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Stocks

The return of the activist shareholders

TOKYO -- Overseas investors that made waves in Japan last decade as activist investors are becoming players there again, with U.S. and European hedge funds making sizable purchases to hold for the long run.

     When the Nikkei Stock Average rebounded Wednesday, regional banks such as Kagoshima Bank and Chugoku Bank rose across the board to reach year-to-date highs.

     Many regional banks had not enjoyed the benefits of the bull market, with price-to-book ratios stuck well below 1. But U.K. asset management company Silchester International Investors disclosed in February and March that it holds stakes of more than 5% in Bank of Yokohama and Chugoku Bank.

     Silchester is an activist shareholder famous for buying value stocks. It purchased significant stakes in regional banks and other businesses in the mid-2000s as well.

     It exercises its voting rights at shareholders meetings, and its disclosure reports mentioned requests for changes to capital policies, such as conducting share buybacks, raising dividends and retiring treasury stock.

     Another value-stock fund whose moves have drawn attention is Dalton Investments, headquartered in California. Dalton disclosed in mid-February a 5.26% interest in restaurant operator Saizeriya. It boosted its stake in such companies as drugstore operator Cocokara Fine this year as well.

     Dalton's investment style involves holding undervalued stocks for the long term. In particular, it prefers owner-operator-style companies that align the interests of management and shareholders. Like Silchester, it was an active, vocal investor in Japan in the middle of last decade.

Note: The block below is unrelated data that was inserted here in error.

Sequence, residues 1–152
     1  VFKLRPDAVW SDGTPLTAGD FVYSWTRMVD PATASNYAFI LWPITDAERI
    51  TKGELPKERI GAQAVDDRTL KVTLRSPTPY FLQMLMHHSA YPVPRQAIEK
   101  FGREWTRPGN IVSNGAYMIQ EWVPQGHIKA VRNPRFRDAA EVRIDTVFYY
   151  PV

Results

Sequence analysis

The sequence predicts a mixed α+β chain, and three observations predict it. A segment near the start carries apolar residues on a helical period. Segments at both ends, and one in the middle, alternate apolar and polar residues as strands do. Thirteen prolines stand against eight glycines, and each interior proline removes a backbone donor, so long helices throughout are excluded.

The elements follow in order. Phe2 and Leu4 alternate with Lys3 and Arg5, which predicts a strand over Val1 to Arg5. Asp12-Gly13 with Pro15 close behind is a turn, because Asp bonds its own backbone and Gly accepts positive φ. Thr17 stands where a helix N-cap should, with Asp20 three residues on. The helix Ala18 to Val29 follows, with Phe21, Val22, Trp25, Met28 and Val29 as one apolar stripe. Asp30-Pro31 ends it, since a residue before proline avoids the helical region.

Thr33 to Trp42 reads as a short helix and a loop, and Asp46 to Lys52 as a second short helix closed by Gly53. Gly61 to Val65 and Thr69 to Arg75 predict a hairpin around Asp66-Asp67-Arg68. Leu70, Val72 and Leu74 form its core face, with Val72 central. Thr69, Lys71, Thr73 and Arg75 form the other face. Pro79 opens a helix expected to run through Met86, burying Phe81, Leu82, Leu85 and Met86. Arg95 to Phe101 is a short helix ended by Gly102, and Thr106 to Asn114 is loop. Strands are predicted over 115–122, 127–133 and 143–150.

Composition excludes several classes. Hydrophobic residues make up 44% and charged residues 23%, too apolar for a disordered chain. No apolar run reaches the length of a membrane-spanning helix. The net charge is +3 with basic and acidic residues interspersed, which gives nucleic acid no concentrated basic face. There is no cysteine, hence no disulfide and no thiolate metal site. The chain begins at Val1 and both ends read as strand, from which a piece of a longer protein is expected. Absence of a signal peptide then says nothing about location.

"I think they look highly on our growth potential and the originality of our business," says President Shinichi Tamagami of Prestige International, a business process outsourcing company in which Dalton holds a more than 6% interest. "We're in a good relationship."

     Dalton had not made any noteworthy investments in Japan for the last several years. Why is it making a move now?

     Contributors to these funds likely include U.S. pension funds and university endowments. With interest in Japanese stocks growing overseas, more clients may have asked for their money to be invested in that market.

     And when asset managers buy stakes in companies with smaller market capitalizations, it is easy to go over the 5% ownership threshold that requires disclosure.

     The flow of long-term money from abroad into small-cap stocks stands out sharply. But these investors are strict when it comes to dividends and other policies. To keep the trend going, businesses will have to continue meeting investor expectations through such moves as lifting dividend payouts.

(Nikkei)

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